At one point in her new memoir, “A Living Remedy,” Nicole Chung recalls the colliding dates of her father’s death and the deadline of her first book. The final manuscript of “All You Can Ever Know” — her 2018 memoir about her search for her birth family as a transracial Korean-American adoptee — was due to her publisher just two days after her father died.
That dichotomy of experience encapsulates the relentless rigor of being a working writer while highlighting the terrible truth: that the very best and the very worst things can happen at the same time.
Following her father’s death in 2018, Chung’s mother, originally the focus of an earlier draft of the book, was diagnosed with a terminal, fast-moving cancer in the fall of 2019, just before life on a global scale hit pause in the wake of the COVID-19 pandemic.
Chung, who is also a journalist, writes of these events as though in real time, capturing waves of disbelief and anger. The mostly chronological narrative is bookended by memories of her mother, who died in May 2020 while Chung remained quarantined on the opposite side of the country. Chung began revising the manuscript in late 2020, finishing just over a year later.
While there is overlap in the stages of writing a book and of grief, Chung said she is mindful of conflating processing and preservation.
“I don’t think writing the book felt like grieving so much as it was something I was doing while actively grieving. This book demanded that I bring my whole self to it every time, every day I worked on it. And it also required me to learn to show myself more grace and care and how to accept my limitations.”
“A Living Remedy” is also a condemnation of the failures and inequities of the American health care system, with the family’s lack of access to treatment and other basic health care needs presented as a clear and impossible foe. In the book, a friend of Chung’s deems the loss of her father a “common American death.”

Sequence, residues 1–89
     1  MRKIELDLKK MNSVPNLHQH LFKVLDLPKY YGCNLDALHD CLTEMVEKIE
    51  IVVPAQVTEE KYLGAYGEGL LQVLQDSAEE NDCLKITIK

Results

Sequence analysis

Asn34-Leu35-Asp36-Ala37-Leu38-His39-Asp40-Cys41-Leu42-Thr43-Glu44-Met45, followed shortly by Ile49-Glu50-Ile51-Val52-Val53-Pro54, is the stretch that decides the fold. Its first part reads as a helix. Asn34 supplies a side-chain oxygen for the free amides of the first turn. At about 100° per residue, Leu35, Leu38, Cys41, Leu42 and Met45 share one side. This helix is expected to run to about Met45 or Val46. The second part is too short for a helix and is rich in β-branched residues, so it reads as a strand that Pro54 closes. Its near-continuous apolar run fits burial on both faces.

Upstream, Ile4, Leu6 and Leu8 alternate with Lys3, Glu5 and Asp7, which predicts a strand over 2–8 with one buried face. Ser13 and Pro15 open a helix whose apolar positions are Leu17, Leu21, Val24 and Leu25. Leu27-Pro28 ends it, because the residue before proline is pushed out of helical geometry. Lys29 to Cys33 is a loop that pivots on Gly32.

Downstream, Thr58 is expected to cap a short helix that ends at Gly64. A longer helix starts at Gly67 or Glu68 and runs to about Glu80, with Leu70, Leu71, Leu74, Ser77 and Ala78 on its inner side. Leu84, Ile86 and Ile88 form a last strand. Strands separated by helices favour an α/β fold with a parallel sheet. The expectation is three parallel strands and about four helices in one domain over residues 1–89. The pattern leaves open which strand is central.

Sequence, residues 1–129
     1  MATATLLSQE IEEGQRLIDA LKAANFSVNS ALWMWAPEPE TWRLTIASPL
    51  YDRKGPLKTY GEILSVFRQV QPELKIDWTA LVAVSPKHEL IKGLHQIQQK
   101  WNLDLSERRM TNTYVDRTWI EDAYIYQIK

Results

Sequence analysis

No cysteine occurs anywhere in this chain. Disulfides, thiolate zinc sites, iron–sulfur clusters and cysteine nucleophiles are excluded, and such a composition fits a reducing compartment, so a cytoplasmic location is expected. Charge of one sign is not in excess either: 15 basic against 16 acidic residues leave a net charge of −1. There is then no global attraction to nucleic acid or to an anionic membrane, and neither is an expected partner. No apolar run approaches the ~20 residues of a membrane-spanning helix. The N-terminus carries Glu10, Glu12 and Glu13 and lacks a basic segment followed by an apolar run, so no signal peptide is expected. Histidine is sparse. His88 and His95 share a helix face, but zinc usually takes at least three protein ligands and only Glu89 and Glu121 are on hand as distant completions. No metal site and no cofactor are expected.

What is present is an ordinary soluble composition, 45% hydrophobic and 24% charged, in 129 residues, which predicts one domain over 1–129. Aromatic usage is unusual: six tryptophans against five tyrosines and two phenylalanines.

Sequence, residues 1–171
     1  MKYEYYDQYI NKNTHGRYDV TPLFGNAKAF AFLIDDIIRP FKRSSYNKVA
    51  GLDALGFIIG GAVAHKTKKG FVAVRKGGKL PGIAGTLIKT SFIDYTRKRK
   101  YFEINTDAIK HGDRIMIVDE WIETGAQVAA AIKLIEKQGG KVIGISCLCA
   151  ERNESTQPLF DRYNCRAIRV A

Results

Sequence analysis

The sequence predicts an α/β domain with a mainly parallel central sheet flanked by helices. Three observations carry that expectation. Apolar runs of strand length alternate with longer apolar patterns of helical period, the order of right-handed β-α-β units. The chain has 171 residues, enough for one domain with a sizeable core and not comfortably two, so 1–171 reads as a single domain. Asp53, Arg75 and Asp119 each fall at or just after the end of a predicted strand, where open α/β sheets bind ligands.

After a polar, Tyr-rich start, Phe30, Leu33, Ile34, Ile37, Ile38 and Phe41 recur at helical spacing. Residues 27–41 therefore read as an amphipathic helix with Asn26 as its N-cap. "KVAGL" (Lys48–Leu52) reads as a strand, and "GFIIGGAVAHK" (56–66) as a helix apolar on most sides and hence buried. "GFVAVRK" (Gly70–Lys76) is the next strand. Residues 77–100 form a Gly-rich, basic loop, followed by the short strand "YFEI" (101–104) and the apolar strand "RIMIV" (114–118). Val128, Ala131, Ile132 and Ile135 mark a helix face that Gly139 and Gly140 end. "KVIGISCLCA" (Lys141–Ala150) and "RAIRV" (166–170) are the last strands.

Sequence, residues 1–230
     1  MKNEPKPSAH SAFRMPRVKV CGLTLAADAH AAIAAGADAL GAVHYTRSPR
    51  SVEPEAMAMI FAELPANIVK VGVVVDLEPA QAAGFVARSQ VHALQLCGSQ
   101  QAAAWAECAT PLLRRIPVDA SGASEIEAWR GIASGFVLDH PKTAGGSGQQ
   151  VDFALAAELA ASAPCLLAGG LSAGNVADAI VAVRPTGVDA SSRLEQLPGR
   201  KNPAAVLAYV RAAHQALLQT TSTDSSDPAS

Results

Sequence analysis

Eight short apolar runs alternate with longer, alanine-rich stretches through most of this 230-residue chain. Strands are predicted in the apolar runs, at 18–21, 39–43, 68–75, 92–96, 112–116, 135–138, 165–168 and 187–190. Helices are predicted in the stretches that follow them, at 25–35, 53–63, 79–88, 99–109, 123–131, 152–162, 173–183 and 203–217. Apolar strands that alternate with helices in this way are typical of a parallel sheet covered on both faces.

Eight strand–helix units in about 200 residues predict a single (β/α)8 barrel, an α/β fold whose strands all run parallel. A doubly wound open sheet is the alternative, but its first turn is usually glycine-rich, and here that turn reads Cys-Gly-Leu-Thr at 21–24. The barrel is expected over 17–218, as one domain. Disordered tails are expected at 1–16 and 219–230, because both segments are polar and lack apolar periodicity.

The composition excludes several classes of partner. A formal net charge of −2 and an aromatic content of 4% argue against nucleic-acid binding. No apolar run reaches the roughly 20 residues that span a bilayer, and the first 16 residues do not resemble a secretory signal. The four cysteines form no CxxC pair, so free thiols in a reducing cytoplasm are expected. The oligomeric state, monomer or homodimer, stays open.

“That phrase haunted me, because I recognized the truth of that,” Chung said. “It was kind of the crystallizing moment. It was important to my grieving process to accept that I wasn’t to blame for not being an expert navigator of the systems. It was helpful to realize and to sit with that truth. And I thought perhaps it was something other people might want or need to hear.”
While the tragic events of “A Living Remedy” still feel close to the surface, Chung hopes her stories transcend her experience while also bearing witness to the lives her parents lost. She said she writes memoirs for those who read them. “You don’t share your life and expect [readers] to think about you,” she explained. “[Memoirs are] supposed to be, when they work, a place for people to meet themselves.”
Nicole Chung will be in conversation with Nicole Cliffe at Porter Square Books: Boston Edition on Thursday, May 18 at 7 p.m.
Rachel Kim Raczka is a writer and editor based in Boston. She can be reached at email@example.com.